Op-ed views and opinions expressed are solely those of the author and do not necessarily represent the views of BizPac Review.
Remember Brad Avakian, the Commissioner of the Oregon Bureau of Labor and Industries who gained notoriety when he fined a Christian baker $135,000 for refusing to bake a cake for a lesbian wedding?
The draconian and vindictive fine eventually forced the bakery’s owners, Aaron and Melissa Klein, to shut down their business.
Well, karma just found Avakian, in a big way.
The commissioner felt like his ‘fame’ and a progressive platform focused on turning the secretary of state’s office into an overreaching progressive nightmare would win him a statewide election in a liberal state. In fact, his campaign platform called for protecting the environment, policing workforce pay, and coming down hard on corporations by auditing them, among other things, none of which define the duties of a secretary of state.
It was just a bit too much for the people of Oregon. So much so that they elected a social conservative Republican who ran on a platform of auditing public spending, former state representative Dennis Richardson, who will actually be the first Republican in 14 years to hold statewide office in Oregon.
Even the liberal Oregon newspaper Willamette Week refused to endorse Avakian, writing:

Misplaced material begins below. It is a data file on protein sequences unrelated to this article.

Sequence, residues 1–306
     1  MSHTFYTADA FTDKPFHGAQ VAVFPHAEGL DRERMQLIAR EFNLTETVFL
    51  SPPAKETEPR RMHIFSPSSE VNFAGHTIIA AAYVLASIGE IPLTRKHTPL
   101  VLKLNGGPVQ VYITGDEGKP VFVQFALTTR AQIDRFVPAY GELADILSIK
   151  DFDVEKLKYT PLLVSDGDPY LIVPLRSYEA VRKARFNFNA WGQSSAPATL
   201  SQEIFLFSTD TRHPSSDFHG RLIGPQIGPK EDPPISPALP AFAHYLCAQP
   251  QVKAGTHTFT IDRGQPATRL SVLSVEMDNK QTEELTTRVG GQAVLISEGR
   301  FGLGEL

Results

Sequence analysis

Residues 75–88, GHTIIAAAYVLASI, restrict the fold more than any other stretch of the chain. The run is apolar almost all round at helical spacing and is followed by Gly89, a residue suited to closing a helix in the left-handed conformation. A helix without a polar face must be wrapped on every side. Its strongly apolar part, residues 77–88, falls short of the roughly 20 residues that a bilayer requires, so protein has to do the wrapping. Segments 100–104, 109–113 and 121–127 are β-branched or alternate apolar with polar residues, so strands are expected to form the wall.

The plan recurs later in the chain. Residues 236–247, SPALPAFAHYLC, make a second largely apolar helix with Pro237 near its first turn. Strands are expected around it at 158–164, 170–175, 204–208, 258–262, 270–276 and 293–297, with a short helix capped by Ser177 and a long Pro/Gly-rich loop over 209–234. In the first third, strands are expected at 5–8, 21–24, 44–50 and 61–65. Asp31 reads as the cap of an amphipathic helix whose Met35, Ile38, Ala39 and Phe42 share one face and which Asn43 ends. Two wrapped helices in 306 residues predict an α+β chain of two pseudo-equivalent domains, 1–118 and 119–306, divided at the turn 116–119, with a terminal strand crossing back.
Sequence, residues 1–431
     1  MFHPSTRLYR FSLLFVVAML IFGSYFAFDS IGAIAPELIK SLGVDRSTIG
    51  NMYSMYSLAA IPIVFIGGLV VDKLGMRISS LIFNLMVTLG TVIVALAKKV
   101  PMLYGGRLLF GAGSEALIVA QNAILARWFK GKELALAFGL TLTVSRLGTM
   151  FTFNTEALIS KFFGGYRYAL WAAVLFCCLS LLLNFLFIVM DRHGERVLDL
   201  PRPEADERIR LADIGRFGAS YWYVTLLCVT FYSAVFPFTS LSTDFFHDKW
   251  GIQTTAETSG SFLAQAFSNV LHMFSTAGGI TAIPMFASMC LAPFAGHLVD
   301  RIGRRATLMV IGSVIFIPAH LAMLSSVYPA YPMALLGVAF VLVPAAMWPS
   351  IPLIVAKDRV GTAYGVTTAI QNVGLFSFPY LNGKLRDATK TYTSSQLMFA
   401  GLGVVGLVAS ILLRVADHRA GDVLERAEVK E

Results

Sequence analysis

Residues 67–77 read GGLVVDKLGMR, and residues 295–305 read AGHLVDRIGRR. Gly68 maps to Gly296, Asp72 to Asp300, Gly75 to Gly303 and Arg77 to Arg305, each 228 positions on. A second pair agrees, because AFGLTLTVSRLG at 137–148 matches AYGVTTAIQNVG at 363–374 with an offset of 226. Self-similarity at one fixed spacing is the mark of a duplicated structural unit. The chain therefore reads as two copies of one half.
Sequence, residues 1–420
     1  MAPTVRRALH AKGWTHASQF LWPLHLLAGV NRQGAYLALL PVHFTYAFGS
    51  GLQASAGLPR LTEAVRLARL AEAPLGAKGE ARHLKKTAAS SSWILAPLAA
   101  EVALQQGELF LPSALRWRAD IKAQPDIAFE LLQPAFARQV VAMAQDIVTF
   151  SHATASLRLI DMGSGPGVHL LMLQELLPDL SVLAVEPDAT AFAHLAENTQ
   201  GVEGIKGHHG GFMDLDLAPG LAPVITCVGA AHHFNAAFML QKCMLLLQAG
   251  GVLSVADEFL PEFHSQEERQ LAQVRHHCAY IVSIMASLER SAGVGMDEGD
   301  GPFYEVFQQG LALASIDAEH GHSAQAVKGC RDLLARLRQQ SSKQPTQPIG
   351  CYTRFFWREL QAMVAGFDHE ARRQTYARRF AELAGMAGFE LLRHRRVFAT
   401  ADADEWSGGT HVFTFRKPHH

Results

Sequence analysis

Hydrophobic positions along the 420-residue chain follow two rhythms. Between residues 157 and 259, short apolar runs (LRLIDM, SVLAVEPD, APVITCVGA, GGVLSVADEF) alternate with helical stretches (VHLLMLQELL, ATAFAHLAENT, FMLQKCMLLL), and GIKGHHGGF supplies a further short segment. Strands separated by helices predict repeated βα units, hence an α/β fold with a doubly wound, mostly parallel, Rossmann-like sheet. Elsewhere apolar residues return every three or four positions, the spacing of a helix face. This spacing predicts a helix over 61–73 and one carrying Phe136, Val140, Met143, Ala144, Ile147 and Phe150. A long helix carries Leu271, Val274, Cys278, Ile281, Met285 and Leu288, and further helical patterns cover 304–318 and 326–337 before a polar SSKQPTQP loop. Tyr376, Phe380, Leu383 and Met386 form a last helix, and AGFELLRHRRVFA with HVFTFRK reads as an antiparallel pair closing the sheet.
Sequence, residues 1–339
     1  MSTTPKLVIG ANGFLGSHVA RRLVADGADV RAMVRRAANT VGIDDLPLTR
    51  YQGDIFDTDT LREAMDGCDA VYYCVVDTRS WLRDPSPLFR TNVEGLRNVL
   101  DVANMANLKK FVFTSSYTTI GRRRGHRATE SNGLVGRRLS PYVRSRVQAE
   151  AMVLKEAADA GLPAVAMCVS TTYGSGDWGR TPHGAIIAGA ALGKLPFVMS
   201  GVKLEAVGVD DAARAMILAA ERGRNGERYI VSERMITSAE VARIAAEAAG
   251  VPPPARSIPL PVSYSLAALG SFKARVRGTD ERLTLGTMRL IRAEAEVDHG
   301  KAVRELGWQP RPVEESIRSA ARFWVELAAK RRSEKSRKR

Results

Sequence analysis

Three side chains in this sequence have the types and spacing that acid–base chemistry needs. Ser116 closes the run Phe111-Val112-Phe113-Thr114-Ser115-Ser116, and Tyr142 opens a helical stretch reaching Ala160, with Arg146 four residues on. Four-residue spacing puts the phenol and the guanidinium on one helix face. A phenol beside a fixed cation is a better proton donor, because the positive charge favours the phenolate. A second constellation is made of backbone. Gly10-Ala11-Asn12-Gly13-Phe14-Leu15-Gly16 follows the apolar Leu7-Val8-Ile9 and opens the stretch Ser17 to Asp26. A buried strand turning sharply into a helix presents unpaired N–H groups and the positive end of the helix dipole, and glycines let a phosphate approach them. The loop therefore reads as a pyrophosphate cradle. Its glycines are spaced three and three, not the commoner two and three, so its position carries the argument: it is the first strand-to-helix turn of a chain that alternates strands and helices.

A former lawmaker from Washington County, Avakian, 55, was appointed to his current post in 2009. When he sought an open congressional seat in 2011, WW revealed he’d failed in the past to pay property and income taxes and his bills, including his Oregon State Bar dues.
Those lapses bother us less today than the impression that, perhaps more than any candidate in Oregon, he will do or say anything to advance his political career.
In this race, he’s promised to use the Secretary of State’s Office to defend access to abortions, create green jobs, promote sustainable energy, audit private corporations and bring civics education back to public schools. Every one of those aims is laudable. None of them has much to do with the job Avakian’s seeking. That leaves two possibilities: Avakian doesn’t respect the parameters of the office, or his mouth is cynically writing checks he knows he can’t cash in order to win endorsements and votes.
Avakian will be with the Oregon Bureau of Labor for two more years, but at least the damage he can do won’t be exponentially increased.
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